Arms and Armour of the Imperial Roman Soldier by D’Amato & Sumner

Book Review by DecimusCaesar

Through Hollywood films, Television documentaries and re-enactments by the Ermine Street Guard, everyone now knows what an Imperial Roman soldier looks like. He wears a red tunic over which he has segmented iron armour, the famously distinctive Imperial-Gallic helmet, hobnailed sandals and a heavy rectangular shield. This image has become deeply associated with ancient Rome in as much the same way as the toga clad senator or the Gladiator.

It’s so deeply embedded that it’s hard to imagine Imperial Roman soldiers as looking any different, but as Raffaele D’Amato and Graham Sumner point out in this fascinating book, Roman military costume, armour and helmets were much more diverse, exotic and strange than we usually imagine.

The focus of this book is one the period between Gaius Marius and the Emperor Commodus (112 BC – AD 192) and during this era Roman armour took many diverse turns. This is brought vividly to life a few pages into the book as we are presented by one of many excellent reconstructive colour plates by Graham Sumner. It’s here that we learn that this is no conventional Roman Army book covering the same ground as a dozen others. Instead D’Amato and Sumner re-introduce a long dismissed hypothesis, that the majority of Roman soldiers did not wear metal armour, but instead wore leather.

This idea has been long dismissed as ‘Hollywood’ fantasy by many serious scholars of the Roman army, but D’Amato provides a wealth of textual and archaeological evidence to support this idea – including close analysis of ancient statues, mosaics and the remains of armour found across the Roman world. The authors also argue that much of the gaudy decorative helmets and facemasks long associated with parade armour and the Hippika Gymnasia cavalry sports might have actually been worn on the battlefield instead. As a result this book slaughters some rather old sacred cows, but at the same time it’s one of the freshest insights into old sources that I’ve come across in a long time.

For those used to conventional reconstructions of Roman soldiers wearing similar costumes prepared to be amazed with this book – from a reconstruction of a Marian legionary in a conical horned helmet and legs wrapped in coal black puttees; to Caesarian soldiers in Greek style leather linothorax painted in a nauseating yellow colour, complete with huge scarlet feathers in their helmets. D’Amato makes some convincing arguments that Roman armour was still heavily influenced by Hellenistic styles well into the republican era, which explains why some centurions carry circular shields like hoplites.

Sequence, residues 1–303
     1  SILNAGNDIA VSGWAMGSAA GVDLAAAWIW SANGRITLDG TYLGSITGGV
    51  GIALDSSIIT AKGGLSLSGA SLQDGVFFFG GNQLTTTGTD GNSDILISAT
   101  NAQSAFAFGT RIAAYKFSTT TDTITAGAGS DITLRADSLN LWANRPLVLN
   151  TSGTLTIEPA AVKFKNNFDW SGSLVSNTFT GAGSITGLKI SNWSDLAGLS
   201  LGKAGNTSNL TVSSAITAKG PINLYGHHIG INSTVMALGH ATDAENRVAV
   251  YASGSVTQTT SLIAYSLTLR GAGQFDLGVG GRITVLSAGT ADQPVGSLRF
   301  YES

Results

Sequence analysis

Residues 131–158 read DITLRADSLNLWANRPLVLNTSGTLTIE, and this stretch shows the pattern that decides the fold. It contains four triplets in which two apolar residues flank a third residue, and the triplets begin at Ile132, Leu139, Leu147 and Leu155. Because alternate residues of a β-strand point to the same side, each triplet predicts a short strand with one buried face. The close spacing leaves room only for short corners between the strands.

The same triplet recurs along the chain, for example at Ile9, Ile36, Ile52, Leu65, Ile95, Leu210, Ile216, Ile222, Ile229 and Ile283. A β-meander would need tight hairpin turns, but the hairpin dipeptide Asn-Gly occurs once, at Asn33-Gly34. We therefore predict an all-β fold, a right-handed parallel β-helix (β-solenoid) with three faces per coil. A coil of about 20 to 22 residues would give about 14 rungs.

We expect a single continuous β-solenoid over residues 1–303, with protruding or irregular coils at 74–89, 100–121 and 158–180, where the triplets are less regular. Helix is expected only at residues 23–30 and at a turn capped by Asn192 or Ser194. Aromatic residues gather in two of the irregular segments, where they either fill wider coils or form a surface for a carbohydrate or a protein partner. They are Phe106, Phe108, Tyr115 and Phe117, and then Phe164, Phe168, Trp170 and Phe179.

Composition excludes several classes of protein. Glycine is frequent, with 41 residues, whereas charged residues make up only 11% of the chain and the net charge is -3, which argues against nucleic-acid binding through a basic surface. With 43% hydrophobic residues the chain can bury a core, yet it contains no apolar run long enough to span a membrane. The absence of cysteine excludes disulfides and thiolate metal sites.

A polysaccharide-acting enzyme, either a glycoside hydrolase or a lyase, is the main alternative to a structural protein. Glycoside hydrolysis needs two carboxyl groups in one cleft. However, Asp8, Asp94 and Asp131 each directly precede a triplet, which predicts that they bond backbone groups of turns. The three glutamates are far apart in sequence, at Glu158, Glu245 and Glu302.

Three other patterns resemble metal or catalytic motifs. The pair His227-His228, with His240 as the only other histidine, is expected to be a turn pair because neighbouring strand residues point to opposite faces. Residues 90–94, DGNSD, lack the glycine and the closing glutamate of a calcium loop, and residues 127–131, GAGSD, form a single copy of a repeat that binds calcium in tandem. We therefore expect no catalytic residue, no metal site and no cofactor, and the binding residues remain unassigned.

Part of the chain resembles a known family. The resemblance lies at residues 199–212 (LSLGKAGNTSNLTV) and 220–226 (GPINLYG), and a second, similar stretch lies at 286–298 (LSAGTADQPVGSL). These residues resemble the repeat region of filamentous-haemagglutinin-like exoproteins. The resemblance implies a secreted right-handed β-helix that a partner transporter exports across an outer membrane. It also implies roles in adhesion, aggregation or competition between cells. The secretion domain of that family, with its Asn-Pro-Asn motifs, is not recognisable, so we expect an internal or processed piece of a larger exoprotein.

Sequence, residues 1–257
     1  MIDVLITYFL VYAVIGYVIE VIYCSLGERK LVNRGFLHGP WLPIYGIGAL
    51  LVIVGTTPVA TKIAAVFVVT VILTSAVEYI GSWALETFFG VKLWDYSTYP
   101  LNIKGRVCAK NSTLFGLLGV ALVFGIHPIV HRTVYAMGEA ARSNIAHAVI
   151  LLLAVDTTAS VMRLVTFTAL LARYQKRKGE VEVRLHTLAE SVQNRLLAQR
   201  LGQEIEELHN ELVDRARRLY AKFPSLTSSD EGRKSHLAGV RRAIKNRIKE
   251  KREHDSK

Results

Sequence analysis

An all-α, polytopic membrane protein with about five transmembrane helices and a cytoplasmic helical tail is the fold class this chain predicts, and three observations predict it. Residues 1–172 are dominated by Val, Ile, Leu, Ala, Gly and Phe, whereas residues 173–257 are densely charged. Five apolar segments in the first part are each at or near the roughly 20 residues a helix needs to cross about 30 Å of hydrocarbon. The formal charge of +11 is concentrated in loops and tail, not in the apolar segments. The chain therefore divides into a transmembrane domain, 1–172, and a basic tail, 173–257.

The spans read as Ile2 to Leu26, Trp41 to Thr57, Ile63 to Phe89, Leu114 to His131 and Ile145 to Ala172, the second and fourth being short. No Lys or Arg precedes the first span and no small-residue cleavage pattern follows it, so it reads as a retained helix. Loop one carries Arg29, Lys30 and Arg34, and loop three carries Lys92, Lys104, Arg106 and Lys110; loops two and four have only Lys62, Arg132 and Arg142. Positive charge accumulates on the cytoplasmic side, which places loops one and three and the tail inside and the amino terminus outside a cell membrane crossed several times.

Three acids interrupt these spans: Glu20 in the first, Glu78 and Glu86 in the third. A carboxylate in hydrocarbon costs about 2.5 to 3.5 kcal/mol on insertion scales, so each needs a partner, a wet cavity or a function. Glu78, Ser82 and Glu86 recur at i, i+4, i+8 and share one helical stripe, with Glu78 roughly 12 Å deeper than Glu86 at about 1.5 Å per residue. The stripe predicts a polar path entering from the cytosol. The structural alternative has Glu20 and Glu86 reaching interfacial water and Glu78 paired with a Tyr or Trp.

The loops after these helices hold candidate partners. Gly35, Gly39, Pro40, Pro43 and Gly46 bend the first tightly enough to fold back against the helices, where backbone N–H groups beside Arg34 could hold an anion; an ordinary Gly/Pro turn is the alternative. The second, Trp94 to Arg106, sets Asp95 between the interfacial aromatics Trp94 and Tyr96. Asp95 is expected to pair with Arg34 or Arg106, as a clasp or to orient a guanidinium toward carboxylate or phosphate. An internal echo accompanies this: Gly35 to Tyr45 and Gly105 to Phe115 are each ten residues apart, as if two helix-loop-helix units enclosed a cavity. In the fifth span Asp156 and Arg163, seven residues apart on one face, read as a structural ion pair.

The wealth of information covered is stunning, and D’Amato leaves no stone unturned. Ancient written sources as well as art are analysed critically, even though it’s been popular among archaeologists to ignore those sources and concentrate entirely on the helmets or armour dug up on site. The authors also dismiss the long held belief that sculptors and ancient artists were unfamiliar with Roman armour, and that certain statues or mosaics should be ignored for not being accurate reconstructions. D’Amato has certainly spent a painstakingly long time researching these things, as the book is filled with hundreds of his own photographs collected from museums across the world.

The book covers a diverse set of topics, from armour, helmets, belts, tunics, shoes and other equipment; to the different groups within the Roman army, from legionaries to Auxilia, as well as cataphracts and cavalry sports. He also looks at other things not normally covered such as medals, standards and musical equipment, although these are not studied in as much depth as the other subjects.

The tone of the book is rather scholarly, and frequent references are made to the book’s sources, so it’s not for those with little or no knowledge of the Roman army. That doesn’t mean the writing itself is stuffy. It’s readable but the text is not captivating, however considering the material this book is hardly a narrative history or a novel, so as a technical guide it works well. Overall, it’s a must have for anyone with a serious interest in the Legions, and a real eye-opener for anyone who thinks Roman soldiers all looked like those extras from movies like Gladiator, Centurion or Ben-Hur.

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